A few months ago I was at a dinner with organic and natural wine-makers. It was a beautiful spring day. The long table on a terrace overlooking a fruitful valley was dotted with bottles of wine, white, rosé, red, smoked fish, fresh veggies and salads, the finest Spanish saucissons… a real feast.
Chatting away with the wine-makers in front of me, a couple to be described as laid back, humble, and even rustic, we got to talking about eating meat and facing the death of the animals we eat. I’m not from a rural background, so the killing of animals was invisible for most of my life. As the picky child that I was, I only ate meat very well cooked, if not blackened. I had the idea that cooking could turn a piece of dead animal into something less savage.
Later in life, as an occasional meat-eater who prefers it rare, I decided that I should know how to face the origins of anything I eat, including the death of any animal I eat. I have witnessed chicken-killing and helped with the plucking and emptying by hand. I enjoy good meat, though I might be a vegetarian if I had to raise my own hand to slice the throat of any living creature. I am thankful that some people can overcome that awful moment, and I can accept that it is savage, and that somewhere in there, I too am savage.
During the meal, I learned that this wine-maker raises sheep. As someone who has done this for years, who has slaughtered animals on occasion, but usually takes them to the slaughter-house, he said that it is still a difficult task. It is with a heavy heart that he drops them off to be picked up later, chopped-up in vacuum sealed bags. But he loves to have animals, he knows which animal a leg of lamb came from. He knows that it had a good life in the fields, and that it was well cared for.
The next week, Bastien and I met him next to the slaughter-house, where he was picking up neat brown boxes of vacuum-sealed lamb. These animals had spent a little extra time in the fields and found some sweet spots to eat, so they were well-fattened and larger than usual. We went home with a few bottles of red and white wine and a box of lamb chops, leg of lamb, shoulder of lamb, and some different pieces for stewing, all together, half of a lamb. In other words, we had half of a young sheep that spent part of its life dwelling among the vines that grew the grapes that made the wine that we would drink with it.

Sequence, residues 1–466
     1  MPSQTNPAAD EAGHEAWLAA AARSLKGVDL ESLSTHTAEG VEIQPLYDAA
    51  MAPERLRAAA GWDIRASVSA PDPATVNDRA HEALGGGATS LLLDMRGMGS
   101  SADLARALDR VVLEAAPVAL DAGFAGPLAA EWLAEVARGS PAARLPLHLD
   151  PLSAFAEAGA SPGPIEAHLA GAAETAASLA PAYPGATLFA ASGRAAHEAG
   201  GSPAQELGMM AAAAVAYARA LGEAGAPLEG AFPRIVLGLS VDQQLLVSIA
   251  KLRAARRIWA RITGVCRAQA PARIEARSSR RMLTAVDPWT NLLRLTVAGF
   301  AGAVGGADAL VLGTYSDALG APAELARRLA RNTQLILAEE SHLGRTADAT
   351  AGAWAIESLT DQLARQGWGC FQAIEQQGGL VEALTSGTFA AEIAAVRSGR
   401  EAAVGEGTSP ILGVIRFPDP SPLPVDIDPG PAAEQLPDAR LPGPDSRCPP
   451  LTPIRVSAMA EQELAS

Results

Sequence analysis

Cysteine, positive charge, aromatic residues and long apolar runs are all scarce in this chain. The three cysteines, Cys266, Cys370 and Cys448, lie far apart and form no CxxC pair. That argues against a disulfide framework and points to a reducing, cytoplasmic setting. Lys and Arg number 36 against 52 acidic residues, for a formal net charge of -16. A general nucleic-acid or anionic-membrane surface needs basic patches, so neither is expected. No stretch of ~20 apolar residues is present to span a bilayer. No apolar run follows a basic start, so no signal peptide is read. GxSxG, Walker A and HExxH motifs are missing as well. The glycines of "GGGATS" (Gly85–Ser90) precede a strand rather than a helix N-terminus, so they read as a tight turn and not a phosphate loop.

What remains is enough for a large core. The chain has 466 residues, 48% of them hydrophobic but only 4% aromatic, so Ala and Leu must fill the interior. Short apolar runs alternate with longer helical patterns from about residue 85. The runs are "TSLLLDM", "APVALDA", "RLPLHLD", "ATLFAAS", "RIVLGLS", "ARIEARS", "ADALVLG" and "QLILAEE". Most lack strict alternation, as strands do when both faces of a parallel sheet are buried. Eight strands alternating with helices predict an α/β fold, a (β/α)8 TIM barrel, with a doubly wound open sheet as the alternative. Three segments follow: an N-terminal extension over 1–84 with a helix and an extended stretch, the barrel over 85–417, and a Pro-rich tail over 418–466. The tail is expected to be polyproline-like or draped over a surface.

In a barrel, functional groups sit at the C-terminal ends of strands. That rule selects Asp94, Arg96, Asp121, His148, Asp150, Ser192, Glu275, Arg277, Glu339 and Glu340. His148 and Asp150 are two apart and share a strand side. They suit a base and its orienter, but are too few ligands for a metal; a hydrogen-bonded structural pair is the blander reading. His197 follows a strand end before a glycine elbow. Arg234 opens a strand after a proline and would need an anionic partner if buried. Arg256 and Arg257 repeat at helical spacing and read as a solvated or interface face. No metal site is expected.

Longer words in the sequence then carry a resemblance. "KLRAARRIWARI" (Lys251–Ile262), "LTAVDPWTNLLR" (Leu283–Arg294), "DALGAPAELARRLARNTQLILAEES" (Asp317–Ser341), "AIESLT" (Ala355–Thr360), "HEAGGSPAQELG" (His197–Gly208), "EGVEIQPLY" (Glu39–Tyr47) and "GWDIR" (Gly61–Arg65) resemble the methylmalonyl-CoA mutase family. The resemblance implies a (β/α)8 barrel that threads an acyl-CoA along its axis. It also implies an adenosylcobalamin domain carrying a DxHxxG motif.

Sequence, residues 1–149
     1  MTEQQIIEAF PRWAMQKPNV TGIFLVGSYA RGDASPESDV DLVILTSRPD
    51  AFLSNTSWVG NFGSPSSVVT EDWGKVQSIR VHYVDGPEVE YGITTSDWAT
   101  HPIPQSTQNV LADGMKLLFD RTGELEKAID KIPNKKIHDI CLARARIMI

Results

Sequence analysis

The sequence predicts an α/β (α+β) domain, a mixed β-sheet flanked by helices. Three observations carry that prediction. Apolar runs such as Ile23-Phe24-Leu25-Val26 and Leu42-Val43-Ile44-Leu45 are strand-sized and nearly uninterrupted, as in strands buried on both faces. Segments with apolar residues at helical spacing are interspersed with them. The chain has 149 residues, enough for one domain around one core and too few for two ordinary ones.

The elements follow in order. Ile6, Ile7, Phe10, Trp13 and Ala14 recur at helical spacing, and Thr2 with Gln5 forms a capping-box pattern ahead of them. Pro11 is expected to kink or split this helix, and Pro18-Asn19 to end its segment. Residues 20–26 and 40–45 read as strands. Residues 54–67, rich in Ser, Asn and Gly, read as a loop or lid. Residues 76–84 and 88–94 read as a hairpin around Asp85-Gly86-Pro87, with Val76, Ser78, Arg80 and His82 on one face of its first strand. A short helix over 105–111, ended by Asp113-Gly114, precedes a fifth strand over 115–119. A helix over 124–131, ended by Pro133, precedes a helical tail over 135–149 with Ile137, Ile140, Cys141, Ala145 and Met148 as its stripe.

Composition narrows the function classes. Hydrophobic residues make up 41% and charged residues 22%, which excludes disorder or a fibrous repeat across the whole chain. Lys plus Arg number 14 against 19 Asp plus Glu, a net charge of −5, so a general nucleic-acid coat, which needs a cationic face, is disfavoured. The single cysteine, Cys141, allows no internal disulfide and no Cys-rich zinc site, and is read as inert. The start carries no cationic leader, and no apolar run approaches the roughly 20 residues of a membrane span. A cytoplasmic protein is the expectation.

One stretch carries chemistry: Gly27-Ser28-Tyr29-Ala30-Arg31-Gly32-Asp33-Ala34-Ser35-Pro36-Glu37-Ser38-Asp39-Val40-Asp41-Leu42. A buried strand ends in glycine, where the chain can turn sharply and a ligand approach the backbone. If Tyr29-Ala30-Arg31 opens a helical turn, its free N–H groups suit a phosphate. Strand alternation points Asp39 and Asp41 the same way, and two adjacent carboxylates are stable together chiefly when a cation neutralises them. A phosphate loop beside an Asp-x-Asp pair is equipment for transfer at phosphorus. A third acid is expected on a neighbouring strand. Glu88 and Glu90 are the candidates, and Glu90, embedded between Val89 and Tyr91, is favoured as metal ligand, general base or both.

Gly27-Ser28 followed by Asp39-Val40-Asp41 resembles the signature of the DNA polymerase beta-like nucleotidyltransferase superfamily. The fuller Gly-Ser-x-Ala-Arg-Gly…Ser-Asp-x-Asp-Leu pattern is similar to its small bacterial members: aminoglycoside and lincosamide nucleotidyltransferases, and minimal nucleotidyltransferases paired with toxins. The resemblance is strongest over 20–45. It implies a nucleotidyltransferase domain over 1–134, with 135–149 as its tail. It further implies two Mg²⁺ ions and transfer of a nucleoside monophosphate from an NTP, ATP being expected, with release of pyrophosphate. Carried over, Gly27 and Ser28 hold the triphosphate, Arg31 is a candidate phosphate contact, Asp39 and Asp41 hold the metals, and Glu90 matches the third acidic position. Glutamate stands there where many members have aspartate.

At home, we divided the pieces for freezing and for the fridge. The first piece to cook: shoulder of lamb. We found a simple recipe using thyme and garlic and served with little potatoes that were cooked under the meat.
At the table, we stopped talking when we bit into the meat. Paired with the wine, you could taste the delicate peace of sheep munching away at the grass in fields of vines…the vines themselves collecting sunlight above and minerals below, probably happy to have animal company for part of the year. A little glimpse of harmony, a little sacred moment.
Shoulder of lamb sits upon a bed of small potatoes, ready to be placed in the oven
recipe for roast shoulder of lamb:
adapted from The Complete Robuchon, by Joël Robuchon
1 lamb shoulder (2 pounds)
trimmings and chopped-up bones (or small potatoes instead)
neutral oil (I used olive)
4 sprigs of thyme
3 cloves garlic, unpeeled and lightly crushed under your palm
fleur de sel
Remove the lamb from the fridge 20 minutes in advance. Prepare a cooling rack or small overturned plate over a large plate.
Preheat the oven to 460°F or 240°C at least 10 minutes in advance, with a rack in the middle position.
Pat the lamb all over with oil and season generously with salt and pepper. Shower with thyme leaves by stripping two of the sprigs.
Spread the potatoes (or trimmings) and garlic cloves on the bottom of a baking dish. Season with salt, pepper and oil. Place the lamb on top, skin side up, so that it does not touch the dish, but only the potatoes, or trimmings.
Put the roast in the oven for 15 minutes. Don’t open the oven door during this time. Take out, turn with tongs, and cook for another 15 minutes. Again, don’t open the oven door, or heat will escape.
Take out and turn off the oven. Place the meat onto a cooling rack and sprinkle with the rest of the thyme. Tent with aluminum foil and allow to rest for 15 minutes.
In the meantime, prepare the pan juices. Add 8 tbs water to the pan, stir with a wooden spatula to loosen any sticky bits. Season with salt and pepper if needed and place back in the oven that is no longer on but still hot.
To serve, slice the meat, cover with a spoonful of cooking juices, and sprinkle with fleur de sel.